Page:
Whistleblower lawsuits lead to recovery of $533 million

Over the last decade, the government has collected at least $533 million in settlements from oil and gas companies who underpaid royalties on fuels extracted from public lands. 

A review of settlements over the last decade by iWatch News shows that a flurry of settlements occurred near the end of the Clinton administration and during the first year of the Bush administration. 

Only one case was settled between 2002 and 2009. Since President Barack Obama took power, at least five cases have been settled, the iWatch News analysis shows.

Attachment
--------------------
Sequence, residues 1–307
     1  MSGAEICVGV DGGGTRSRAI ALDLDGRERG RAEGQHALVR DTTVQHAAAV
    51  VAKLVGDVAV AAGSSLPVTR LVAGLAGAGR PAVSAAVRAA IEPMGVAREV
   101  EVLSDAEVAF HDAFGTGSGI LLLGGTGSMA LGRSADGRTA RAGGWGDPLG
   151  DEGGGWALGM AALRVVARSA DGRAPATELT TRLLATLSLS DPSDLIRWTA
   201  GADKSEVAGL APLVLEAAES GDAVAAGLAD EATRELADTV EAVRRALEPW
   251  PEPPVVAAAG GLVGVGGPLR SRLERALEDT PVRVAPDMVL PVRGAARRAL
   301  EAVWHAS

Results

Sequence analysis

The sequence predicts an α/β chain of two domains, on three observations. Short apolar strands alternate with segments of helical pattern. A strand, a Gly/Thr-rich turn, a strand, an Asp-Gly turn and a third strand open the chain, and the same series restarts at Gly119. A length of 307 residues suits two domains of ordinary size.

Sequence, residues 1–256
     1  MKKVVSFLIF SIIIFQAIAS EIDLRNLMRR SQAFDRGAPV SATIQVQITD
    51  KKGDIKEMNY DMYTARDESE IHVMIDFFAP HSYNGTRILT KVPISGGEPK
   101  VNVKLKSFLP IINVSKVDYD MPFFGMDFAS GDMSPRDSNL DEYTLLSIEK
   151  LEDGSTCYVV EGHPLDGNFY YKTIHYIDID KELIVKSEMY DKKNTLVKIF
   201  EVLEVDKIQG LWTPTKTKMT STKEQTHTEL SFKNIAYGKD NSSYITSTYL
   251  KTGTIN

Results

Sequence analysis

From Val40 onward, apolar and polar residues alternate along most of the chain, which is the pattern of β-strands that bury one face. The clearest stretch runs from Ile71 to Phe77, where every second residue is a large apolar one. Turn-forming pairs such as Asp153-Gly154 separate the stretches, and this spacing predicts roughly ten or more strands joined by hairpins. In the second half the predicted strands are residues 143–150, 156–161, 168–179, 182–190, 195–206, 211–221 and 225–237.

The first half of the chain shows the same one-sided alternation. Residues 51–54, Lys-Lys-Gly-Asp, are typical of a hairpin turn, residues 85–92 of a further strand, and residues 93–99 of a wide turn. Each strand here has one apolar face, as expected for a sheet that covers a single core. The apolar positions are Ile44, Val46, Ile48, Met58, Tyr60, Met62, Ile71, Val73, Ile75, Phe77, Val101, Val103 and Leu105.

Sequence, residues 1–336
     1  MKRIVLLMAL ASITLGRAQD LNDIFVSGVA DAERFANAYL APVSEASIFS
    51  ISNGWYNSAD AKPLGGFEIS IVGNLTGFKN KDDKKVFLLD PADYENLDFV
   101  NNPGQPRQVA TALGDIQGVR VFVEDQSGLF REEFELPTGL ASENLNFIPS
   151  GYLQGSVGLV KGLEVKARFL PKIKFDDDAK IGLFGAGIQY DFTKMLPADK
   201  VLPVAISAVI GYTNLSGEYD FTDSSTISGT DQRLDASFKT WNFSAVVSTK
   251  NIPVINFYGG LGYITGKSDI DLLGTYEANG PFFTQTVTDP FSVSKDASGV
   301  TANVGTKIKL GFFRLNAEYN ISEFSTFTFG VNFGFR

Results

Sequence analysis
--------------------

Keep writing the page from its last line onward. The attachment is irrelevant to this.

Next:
At the end of March, the government fined a Denver-based company $2.1 million after an employee disabled production gauges, which could have skewed royalty amounts. The employee was said to be concerned about oil overflowing from storage tanks.

In late March, the Justice Department and Occidental Petroleum Corp. settled a royalties collection case for $2.05 million. The government had accused Los Angeles-based Occidental, one of the world’s biggest oil companies, of “knowingly underpaying royalties” owed on natural gas produced from federal leases.

The settlement arose not from government inspections but from a whistleblower’s qui tam lawsuit. The whistleblower, Harrold Wright, was an independent oil and gas operator and a former chairman of the Natural Gas Supply Association, an industry group.

—Aaron Mehta